How can I maximise my State Pension?

Q. I’m a retired teacher with a small occupational pension at the moment. I retired early due to ill health. My current NI contributions credit me with some time for raising my children, now adults - however, I fall short of the full State Pension by three years. Now I am busy looking after an elderly relative’s grandchildren in my retirement. I have a bit of cash I could invest. What are my options in making up those years please?
A. Nathan Long, pensions expert at Hargreaves Lansdown says:
Start by working out if you’re eligible to top up your State Pension. Usually it’s only possible to pay extra catch up contributions to cover gaps in the last six years (ie from the 2011/12 tax year onwards). So if you weren’t working, weren’t earning enough to pay National Insurance (NI) or weren’t being credited with National Insurance contributions in the last six years, you may be able to catch up.
However, even if this is not the case, additional options to catch up may be possible depending on how old you are:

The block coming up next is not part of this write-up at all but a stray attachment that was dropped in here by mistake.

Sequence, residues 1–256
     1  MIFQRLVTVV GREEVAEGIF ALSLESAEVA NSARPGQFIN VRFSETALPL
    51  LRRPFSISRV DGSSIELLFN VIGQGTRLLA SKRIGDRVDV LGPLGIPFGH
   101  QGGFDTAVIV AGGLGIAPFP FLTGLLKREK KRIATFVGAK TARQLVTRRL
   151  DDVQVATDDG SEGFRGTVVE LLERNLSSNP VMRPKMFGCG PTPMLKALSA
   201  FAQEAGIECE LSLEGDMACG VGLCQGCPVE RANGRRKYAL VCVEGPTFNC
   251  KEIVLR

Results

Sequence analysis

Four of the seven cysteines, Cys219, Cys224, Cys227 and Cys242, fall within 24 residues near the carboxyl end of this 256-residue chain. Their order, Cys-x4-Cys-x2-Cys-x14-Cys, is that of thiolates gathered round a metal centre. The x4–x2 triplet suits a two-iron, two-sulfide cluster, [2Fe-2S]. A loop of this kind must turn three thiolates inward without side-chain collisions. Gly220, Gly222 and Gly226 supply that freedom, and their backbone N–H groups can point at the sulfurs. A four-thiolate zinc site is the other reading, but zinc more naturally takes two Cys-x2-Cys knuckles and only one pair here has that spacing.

• Some women born after April 5, 1953 (it’s different for men) can make contributions to cover gaps between April 2006 & April 2016 although this opportunity ends on April 5, 2023.
  • If you were born before 6th October 1952, you can make voluntary contributions to increase your State Pension for up to 6 years after you reached your State Pension age.

If it turns out you’re eligible, you must then consider if further contributions make sense. Generally speaking you get a good deal when buying extra State Pension, but of course you must be aware that while a higher guaranteed income is attractive, you will lose the flexibility that comes with holding money as cash.
You mention that you’re looking after elderly relatives & grandchildren, so you should be aware that you may be eligible to receive NI credits which would award you with additional years of NI contributions. There are a number of situations where someone will either qualify for NI credits automatically or be able to claim them, including being on Employment Support Allowance or Carer’s Allowance and being a grandparent (or other family member) caring for a child under 12.

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